Thank You

Many thanks to those who shared their experiences of September 11th. I learned incredible things about you from reading your stories. Please continue to pass along the message. As we know from other horrific events in world history, telling stories is one of the best ways to keep the memory alive.

Tuesday, September 12, 2006

Where Were You on September 11th?

I was working in a newsroom on the 7th floor of a building in Northwest Washington, DC. I had already been at my desk for several hours when I heard people talking about a plane flying into the World Trade Center. I thought, "What a horrible accident." I imagined a small prop plane, a confused pilot who had gotten off track.

We crowded into the corner conference room, the one with a television and large windows overlooking the southern end of the city into Virginia. We sat in stunned silence as we watched images of the burning tower. People gasped when they saw the hole in the building, the men and women waving for help out the window. I reached into my mind for my memories of the building, the subway station, the stores below. I remembered being there as a child, surrounded by thousands of busy New Yorkers. Surely planes will come to the roof and save the people, I thought.

Someone said, "Look!" We all turned around. Outside the window, far below, we saw a heavy plume of smoke. It was thick, dark, dense. Someone let out a cry. I turned back toward the television and saw a split screen: the burning tower on one side, and on the other, the Pentagon. Our local newscaster fell silent, and so did we.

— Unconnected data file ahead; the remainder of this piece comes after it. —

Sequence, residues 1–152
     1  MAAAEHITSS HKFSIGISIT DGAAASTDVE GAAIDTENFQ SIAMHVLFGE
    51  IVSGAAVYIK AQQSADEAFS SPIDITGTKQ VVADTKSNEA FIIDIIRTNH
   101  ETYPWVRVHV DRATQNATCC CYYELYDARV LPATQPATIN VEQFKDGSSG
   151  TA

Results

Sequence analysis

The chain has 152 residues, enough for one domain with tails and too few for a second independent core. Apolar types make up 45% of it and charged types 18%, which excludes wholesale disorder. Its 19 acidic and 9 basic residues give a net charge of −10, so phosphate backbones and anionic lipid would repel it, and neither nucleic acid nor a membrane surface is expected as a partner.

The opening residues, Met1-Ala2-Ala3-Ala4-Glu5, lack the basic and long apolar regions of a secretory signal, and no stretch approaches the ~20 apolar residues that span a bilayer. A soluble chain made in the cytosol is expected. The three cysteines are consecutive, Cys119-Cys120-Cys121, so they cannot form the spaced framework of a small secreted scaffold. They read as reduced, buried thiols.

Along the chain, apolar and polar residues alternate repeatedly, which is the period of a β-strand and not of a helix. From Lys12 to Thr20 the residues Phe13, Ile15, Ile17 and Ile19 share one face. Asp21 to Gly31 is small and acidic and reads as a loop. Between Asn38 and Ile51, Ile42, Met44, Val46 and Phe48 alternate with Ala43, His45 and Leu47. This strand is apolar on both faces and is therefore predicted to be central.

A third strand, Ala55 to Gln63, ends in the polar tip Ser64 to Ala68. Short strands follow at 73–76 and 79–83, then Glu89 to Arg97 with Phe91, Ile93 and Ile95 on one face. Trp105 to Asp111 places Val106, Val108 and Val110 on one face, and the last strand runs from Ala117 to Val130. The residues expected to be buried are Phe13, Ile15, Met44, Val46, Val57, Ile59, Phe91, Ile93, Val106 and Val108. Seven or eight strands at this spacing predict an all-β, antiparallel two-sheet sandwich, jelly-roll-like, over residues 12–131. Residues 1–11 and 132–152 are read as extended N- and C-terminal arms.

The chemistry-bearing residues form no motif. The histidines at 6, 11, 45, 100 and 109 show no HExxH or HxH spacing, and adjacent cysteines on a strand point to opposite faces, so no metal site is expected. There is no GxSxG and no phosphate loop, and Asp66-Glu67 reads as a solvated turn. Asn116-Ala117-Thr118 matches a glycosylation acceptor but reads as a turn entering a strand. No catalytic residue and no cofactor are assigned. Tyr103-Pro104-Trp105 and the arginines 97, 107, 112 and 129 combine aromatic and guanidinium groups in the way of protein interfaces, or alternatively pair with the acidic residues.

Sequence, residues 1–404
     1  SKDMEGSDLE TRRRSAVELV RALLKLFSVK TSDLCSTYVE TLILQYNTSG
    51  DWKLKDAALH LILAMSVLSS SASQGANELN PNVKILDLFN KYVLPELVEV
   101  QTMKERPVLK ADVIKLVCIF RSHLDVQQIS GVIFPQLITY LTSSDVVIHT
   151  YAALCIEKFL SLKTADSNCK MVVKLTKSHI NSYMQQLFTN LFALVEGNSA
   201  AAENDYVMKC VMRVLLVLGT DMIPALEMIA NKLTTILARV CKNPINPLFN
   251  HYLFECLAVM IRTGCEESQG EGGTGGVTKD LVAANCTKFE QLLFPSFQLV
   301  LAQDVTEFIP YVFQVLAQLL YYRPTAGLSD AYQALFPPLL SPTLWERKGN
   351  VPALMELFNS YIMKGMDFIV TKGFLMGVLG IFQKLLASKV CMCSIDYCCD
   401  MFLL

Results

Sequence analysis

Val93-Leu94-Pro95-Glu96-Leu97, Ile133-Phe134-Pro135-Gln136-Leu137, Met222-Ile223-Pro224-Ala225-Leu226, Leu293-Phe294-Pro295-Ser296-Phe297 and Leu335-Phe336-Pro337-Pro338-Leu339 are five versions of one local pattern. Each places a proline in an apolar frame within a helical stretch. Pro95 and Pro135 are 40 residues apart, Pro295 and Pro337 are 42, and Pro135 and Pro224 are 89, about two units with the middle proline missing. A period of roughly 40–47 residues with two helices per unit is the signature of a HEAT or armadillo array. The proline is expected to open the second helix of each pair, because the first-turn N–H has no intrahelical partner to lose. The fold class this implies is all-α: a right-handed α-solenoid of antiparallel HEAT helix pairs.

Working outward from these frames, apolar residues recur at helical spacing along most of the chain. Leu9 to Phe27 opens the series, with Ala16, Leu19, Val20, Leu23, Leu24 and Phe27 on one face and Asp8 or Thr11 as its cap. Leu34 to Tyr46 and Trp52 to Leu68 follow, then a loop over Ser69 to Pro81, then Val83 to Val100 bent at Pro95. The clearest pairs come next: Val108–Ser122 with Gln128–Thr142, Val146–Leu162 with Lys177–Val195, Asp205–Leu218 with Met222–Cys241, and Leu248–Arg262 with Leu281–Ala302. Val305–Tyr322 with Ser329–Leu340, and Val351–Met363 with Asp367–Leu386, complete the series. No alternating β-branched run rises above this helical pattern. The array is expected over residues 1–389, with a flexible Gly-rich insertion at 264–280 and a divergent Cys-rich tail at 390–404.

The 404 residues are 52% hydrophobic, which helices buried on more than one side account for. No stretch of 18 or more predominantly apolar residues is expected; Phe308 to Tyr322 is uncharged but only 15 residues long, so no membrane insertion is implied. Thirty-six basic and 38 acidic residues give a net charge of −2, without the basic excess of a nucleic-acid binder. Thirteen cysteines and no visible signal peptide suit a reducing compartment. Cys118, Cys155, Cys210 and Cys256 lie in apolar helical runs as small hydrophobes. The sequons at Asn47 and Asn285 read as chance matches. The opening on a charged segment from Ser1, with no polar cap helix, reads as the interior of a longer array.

Friday, September 01, 2006

Growing Up

The kittens are growing up.

We went to the vet yesterday, and each now weighs almost five pounds. Both kittens are big enough to jump on the kitchen table and pester me while I try to eat. Mookie's meows now sound cat-like instead of baby-like. And it's getting harder and harder to pick them up simultaneously.

Perhaps the most striking development is their... sexual maturity. Their gender is most definitely no longer a mystery. In fact, the testosterone is flowing a bit too freely. Last night I stood by helplessly as the kittens stalked Nanuq, who is three times their size. They chased him all over the house until he got so upset he slammed his head into a wall. I scolded them, and let Nanuq into the basement so he could have some peace.

I can't really get mad at them, though. I had a tough week, and having them near me made it easier. One day I had real heaviness in my heart. As I sat down to watch TV, Mookie took residence on my neck. Soon Tug was jealous, and he crawled into my lap. After an hour of purring, it's hard to feel as angry, or to think about the unjustness of life, and the world.

Philadelphia received some much-needed rain this week. With it came waves of chill and dampness, the rooty smell of autumn. The trees have their last blast of green, a final explosion of energy before they begin to turn orange and copper and yellow, wilting and falling to earth to start the process of life all over again. I love the fall, but it makes me sad.